1 Summary 6 Chapter 1 Introduction 7 1.1 Objective 7 1.2 Overview of Research and Organization of Report 9 Chapter 2 State of the Practice of TIM 9 2.1 State of the Practice 10 2.1.1 Establishment of Local, Regional, and Statewide TIM Committees 11 2.1.2 Implementation of TIM Legislation 11 2.1.3 Development and Implementation of National TIM Responder Training 11 2.1.4 Development of TIM Strategic Plans 12 2.1.5 Development and Implementation of Agency Operating Agreements 12 2.1.6 Implementation of Agency Policies for Safe and Quick Clearance 12 2.2 The Use of Data to Support TIM 12 2.2.1 TIM Performance Measurement and Management 14 2.2.2 Making the Business Case for TIM 15 2.3 Further Advancing the State of the Practice of TIM 16 Chapter 3 State of the Practice of Big Data 16 3.1 Big Data Definition 17 3.1.1 Volume 18 3.1.2 Variety 18 3.1.3 Velocity 19 3.1.4 Veracity 19 3.1.5 Value 19 3.2 The Move from Traditional Data Analysis to Big Data Analytics 19 3.2.1 Traditional Data Analysis 21 3.2.2 Hadoop: The Start of Big Data Tools 21 3.2.3 Current Big Data Tools 25 3.2.4 Big Data Architecture 26 3.2.5 Examples of Big Data Analytics 32 3.3 Big Data Applications in Transportation 32 3.3.1 Transportation Planning 33 3.3.2 Parking 33 3.3.3 Trucking 34 3.3.4 Public Transportation 34 3.3.5 Transportation Operations and ITSs 37 3.3.6 Emergency and Incident Management C O N T E N T S
39 Chapter 4 Big Data and TIM 40 4.1 Improve On-Scene Management Practices 42 4.2 Improve Resource Utilization and Management 44 4.3 Improve Safety 46 4.4 Enable Predictive TIM 48 4.5 Support Performance Measurement and Management 51 4.6 Support TIM Justification and Funding 53 4.7 Summary 55 Chapter 5 Assessment of Data Sources for TIM 55 5.1 Data Source Assessment Approach 56 5.1.1 Assessment Criteria 60 5.1.2 Data Maturity Assessment Approach 62 5.2 Findings 62 5.2.1 State Traffic Records Data 70 5.2.2 Transportation Data 75 5.2.3 Public Safety Data 77 5.2.4 Crowdsourced Data 81 5.2.5 Advanced Vehicle Systems Data 85 5.2.6 Aggregated Datasets 92 5.3 Summary 94 Chapter 6 Big Data Guidelines for TIM Agencies 96 6.1 Adopt a Deeper and Broader Perspective on Data Use 96 6.2 Collect More Data 98 6.3 Open and Share Data 99 6.3.1 Public Records Laws 99 6.3.2 Proprietary Data Formats 100 6.3.3 Contract Data Clauses 100 6.3.4 Benefits of Opening and Sharing Data 101 6.4 Use a Common Data Storage Environment 101 6.4.1 Data Silos 101 6.4.2 Data Virtualization 102 6.5 Adopt Cloud Technologies for the Storage and Retrieval of Data 103 6.5.1 Understand the Cost Savings of the Cloud 104 6.5.2 Understand Cloud Security 105 6.5.3 Recognize the Inherent Connection Between Big Data Analytics and the Cloud 106 6.6 Manage the Data Differently 106 6.6.1 Store the Data âAs Isâ 107 6.6.2 Maintain Data Accessibility 107 6.6.3 Structure the Data for Analysis 108 6.6.4 Ensure That Data Is Uniquely Identifiable 108 6.6.5 Sharing, Security, and Privacy 109 6.7 Process the Data 109 6.7.1 Process the Data Where It Is Located 110 6.7.2 Use Open-Source Software 112 6.7.3 Do Not Reinvent the Wheel 112 6.7.4 Understand the Ephemeral Nature of Big Data Analytics 113 6.8 Open and Share Outcomes and Products to Foster Data User Communities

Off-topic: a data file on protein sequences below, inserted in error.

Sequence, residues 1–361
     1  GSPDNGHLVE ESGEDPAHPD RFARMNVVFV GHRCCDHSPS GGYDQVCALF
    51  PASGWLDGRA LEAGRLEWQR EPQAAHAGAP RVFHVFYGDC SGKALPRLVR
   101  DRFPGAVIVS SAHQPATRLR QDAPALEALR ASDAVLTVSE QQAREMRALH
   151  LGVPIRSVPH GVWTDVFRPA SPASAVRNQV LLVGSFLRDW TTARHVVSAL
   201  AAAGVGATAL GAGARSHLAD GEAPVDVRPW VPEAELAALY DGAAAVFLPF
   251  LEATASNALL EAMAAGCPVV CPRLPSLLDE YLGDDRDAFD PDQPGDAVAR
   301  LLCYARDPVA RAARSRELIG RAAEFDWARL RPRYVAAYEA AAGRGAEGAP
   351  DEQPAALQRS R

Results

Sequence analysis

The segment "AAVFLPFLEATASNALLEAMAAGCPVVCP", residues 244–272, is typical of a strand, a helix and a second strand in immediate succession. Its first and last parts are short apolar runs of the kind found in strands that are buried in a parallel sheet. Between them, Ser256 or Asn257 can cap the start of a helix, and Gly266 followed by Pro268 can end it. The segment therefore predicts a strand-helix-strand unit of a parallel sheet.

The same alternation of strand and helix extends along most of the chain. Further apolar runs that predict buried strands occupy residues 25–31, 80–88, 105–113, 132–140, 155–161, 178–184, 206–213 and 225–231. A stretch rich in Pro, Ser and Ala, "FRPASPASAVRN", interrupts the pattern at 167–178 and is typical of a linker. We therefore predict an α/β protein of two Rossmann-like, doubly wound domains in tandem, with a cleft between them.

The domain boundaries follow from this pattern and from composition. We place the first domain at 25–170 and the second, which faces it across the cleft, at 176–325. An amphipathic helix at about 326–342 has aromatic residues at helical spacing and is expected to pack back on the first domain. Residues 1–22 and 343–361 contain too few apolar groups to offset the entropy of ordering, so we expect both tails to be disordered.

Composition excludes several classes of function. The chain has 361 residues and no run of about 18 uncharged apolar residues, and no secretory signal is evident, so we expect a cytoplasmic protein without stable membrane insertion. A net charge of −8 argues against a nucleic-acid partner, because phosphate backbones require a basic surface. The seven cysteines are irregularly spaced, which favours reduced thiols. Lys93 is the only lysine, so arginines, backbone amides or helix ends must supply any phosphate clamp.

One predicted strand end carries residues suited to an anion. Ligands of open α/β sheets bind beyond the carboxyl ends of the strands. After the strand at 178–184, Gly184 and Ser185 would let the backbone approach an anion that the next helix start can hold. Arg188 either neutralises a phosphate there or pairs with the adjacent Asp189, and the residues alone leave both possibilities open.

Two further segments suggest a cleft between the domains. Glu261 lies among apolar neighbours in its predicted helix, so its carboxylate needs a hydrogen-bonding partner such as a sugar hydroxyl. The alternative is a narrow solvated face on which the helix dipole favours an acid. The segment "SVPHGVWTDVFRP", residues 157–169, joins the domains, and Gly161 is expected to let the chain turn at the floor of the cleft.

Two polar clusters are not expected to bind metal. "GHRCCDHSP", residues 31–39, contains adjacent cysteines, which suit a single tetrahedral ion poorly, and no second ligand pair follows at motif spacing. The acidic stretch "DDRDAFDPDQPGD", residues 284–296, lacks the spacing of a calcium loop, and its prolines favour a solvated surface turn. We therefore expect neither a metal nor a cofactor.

114 Chapter 7 Summary and Next Steps 114 7.1 Summary of Findings 116 7.2 Next Steps 117 7.3 Suggestions and Priorities for Additional Related Research 118 Abbreviations 121 Glossary 125 References 132 Appendix A Data Source Assessment Tables 181 Appendix B Incident Response and Clearance Ontology (IRCO) Note: Photographs, figures, and tables in this report may have been converted from color to grayscale for printing. The electronic version of the report (posted on the web at www.trb.org) retains the color versions.